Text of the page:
Stranger Than Fiction (2006)Reviewed By David Cornelius
Posted 11/09/06 21:25:53
We have heard Harold Crick’s story before. He is a sad man, a lonely man, a man whose life is filled with work and numbers and nothing else. And then he meets a woman so not like him at all, so free and adventurous and awake in this world, and he falls madly in love, breaking away from the loneliness and rigidity of his life, becoming someone new. Harold is, in a word, a cliché.Ah, but what if Harold were to suddenly discover that he was indeed a cliché? What if one day, he was to suddenly be able to hear the voice of the woman who was, at that very moment, writing his story?
Such is the premise of “Stranger Than Fiction,” a dramedy combining the best of the what-life’s-all-about genre, Charlie Kaufman-esque meta-scripting, and absurdist comic fantasy. It is also a true delight, the sort of movie that wraps you in all its wonders while contemplating the power of storytelling. This is a genuine marvel of a movie.
Playing Harold Crick is Will Ferrell, who has worked on drier, more serious fare before (“Melinda and Melinda, “Winter Passing”), but nothing like this. His change-of-pace turn in this film is a revelation on par with Jim Carrey in “The Truman Show.” Yes, we still get Ferrell’s broad, self-deprecating sense of humor, but it’s filtered though a genuinely moving story and a genuinely appealing character. Ferrell has made a career out of being laughed at; here, finally, we laugh with him.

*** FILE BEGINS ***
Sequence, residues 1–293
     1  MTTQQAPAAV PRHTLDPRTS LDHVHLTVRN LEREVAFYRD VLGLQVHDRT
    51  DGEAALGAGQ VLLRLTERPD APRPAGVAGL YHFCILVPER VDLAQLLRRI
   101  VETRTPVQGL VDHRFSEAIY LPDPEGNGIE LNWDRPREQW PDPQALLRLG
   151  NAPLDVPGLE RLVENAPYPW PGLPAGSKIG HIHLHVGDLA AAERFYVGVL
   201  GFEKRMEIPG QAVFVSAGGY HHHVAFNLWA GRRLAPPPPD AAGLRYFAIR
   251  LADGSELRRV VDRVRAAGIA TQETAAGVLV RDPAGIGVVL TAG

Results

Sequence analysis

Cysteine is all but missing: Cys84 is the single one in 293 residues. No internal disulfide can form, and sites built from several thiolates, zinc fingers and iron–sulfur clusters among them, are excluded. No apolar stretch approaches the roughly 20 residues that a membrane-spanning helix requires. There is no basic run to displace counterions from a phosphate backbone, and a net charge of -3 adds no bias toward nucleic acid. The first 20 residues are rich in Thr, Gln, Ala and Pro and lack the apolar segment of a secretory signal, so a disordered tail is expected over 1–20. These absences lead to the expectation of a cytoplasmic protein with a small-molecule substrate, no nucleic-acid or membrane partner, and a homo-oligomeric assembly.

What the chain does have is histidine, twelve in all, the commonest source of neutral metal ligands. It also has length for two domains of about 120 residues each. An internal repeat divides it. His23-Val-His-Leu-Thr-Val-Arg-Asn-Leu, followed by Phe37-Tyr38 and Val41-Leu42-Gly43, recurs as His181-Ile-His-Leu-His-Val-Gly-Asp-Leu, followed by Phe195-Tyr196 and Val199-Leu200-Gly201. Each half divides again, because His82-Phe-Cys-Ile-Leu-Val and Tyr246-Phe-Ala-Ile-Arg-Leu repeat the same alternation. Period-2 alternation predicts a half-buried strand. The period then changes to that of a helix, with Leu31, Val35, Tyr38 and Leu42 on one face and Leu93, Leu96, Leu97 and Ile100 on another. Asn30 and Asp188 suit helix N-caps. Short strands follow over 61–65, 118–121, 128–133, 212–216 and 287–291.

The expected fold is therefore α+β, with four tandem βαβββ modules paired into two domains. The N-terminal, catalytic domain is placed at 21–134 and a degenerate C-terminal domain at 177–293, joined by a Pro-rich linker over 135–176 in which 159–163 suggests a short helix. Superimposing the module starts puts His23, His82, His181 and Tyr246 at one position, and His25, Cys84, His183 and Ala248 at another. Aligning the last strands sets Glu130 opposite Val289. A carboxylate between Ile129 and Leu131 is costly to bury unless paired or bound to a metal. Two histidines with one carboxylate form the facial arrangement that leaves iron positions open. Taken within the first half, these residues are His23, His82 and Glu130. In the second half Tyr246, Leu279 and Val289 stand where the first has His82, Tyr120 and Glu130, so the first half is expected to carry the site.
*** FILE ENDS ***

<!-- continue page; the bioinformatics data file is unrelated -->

The film opens quite mundanely, with Harold, a clerk for the IRS, going through his morning routine while a narrator (Emma Thompson) introduces us to him. Then Harold stops - he can hear her, too. The voice doesn’t stop, yet only he can hear it. And so it goes for a few days, confusing him, tormenting him, prodding him on as he begins his audit of rebellious baker Ana (Maggie Gyllenhaal), talking him through his own newly aroused passions. Is Harold crazy, or does the narrator have some larger significance?
That’s when we meet the narrator. She is Karen Eiffel, a renowned author who is finally starting her first new book in years, a book (as we already know) about a lonely man named Harold Crick. She is far behind her deadline, so her publisher has sent an assistant (Queen Latifah) to bump her along. Karen’s problem? All of her main characters die in her novels, and she is stuck coming up with a proper death for Harold Crick. She has only written that he will die soon - a bit of text Harold has heard, much to his chagrin.
The final portion of the equation is Jules Hilbert (Dustin Hoffman), a literature professor who’s promised to help Harold figure out just what kind of story Harold is living. Hilbert eliminates some of the more fantastic possibilities (“I am relieved to know I am not a Golem,” Harold wearily announces), but what is left? A comedy? A tragedy? Surely meeting Ana is a major part of the tale. Will the romance end happily ever after, or is Harold doomed?